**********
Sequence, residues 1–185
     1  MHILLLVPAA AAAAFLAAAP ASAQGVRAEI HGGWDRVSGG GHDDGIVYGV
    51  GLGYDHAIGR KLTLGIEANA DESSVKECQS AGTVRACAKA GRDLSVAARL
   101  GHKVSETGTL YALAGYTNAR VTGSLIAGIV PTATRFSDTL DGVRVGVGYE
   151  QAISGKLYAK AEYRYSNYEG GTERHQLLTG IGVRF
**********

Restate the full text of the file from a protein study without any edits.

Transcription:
Sequence, residues 1–185
     1  MHILLLVPAA AAAAFLAAAP ASAQGVRAEI HGGWDRVSGG GHDDGIVYGV
    51  GLGYDHAIGR KLTLGIEANA DESSVKECQS AGTVRACAKA GRDLSVAARL
   101  GHKVSETGTL YALAGYTNAR VTGSLIAGIV PTATRFSDTL DGVRVGVGYE
   151  QAISGKLYAK AEYRYSNYEG GTERHQLLTG IGVRF